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Paper: Characterizing Exoplanet Atmospheres and Surfaces
Volume: 430, Pathways Towards Habitable Planets
Page: 65
Authors: Encrenaz, T.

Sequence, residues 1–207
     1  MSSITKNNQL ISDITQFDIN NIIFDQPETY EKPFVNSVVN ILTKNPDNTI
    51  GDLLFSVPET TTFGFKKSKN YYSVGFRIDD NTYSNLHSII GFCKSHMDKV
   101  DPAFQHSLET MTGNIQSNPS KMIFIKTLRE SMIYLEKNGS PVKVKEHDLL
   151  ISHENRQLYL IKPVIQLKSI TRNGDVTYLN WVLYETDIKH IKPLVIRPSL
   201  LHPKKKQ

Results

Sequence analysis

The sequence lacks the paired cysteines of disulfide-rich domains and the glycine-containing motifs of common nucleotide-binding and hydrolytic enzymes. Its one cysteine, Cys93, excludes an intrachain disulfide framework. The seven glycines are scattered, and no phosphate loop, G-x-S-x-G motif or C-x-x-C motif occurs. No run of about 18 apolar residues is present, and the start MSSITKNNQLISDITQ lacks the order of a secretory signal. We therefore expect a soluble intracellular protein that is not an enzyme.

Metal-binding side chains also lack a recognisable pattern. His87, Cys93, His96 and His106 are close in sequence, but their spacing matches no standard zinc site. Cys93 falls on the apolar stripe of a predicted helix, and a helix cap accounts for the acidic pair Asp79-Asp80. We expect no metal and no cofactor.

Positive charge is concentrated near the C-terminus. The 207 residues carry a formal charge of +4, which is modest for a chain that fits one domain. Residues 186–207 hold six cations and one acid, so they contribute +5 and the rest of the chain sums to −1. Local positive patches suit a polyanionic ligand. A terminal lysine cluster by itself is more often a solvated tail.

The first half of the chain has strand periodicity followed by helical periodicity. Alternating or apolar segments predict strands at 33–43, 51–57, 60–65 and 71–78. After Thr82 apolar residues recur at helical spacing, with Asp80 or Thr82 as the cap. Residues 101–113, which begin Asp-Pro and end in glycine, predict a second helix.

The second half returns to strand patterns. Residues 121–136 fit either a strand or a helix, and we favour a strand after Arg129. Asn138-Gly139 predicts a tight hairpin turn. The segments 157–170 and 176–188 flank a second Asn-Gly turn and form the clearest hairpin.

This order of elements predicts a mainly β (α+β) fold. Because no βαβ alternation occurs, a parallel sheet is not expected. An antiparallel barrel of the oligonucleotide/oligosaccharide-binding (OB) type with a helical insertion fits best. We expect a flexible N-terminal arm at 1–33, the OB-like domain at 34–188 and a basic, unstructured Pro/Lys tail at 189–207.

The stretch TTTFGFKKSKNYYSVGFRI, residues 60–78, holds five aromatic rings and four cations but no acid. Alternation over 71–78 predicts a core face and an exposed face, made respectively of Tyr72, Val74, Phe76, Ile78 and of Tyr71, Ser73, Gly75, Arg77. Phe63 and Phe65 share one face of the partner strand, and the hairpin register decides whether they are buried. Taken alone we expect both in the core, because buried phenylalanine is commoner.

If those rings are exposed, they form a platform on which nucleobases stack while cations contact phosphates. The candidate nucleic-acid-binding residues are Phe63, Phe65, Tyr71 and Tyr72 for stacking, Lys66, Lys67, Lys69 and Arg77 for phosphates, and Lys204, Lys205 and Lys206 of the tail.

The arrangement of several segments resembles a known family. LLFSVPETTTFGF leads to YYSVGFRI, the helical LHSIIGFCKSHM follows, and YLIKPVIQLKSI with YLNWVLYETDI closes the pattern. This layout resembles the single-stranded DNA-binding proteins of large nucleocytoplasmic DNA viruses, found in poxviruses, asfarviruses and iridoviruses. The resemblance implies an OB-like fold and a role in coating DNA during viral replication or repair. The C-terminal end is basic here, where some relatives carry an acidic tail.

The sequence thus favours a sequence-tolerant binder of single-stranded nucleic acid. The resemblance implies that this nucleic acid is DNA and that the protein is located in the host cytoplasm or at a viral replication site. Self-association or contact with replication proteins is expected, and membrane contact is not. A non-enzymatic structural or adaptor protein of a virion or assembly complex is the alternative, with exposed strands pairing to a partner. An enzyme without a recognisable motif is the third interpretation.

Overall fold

Abstract: After more than twelve years of successful campaigns leading to the detection of several hundreds of exoplanets, it is now possible to determine, for some of them, the spectroscopic properties of their atmospheres. In the present paper, our knowledge of solar system planets is used to try to extrapolate what kind of atmosphere can be expected for a given exoplanet, on the basis of its mass, its asterocentric distance, and the spectral type of its host star. This simple classification leads to three main categories of exoplanets: (1) the rocky planets (less than 10 terrestrial masses and within the snow line), (2) the icy planets (below 10 terrestrial masses and beyond the snow line), and (3) the giant planets (above 10 terrestrial masses). It is shown that the thermal spectrum of an exoplanet critically depends upon the existence (or the absence) of a stratosphere, which itself depends upon the exoplanet’s composition. The icy and giant planets (Jupiter-, Neptune-, or Titan-type) are expected to have a stratosphere as a result of the methane photodissociation. Rocky planets (Mars- and Venus-type) are expected to show no stratosphere except in the case of the presence of ozone (Earth-type). Typical spectra are shown for each class of object and a discussion is given about the resolving power needed for detecting atmospheric species and/or surface features.
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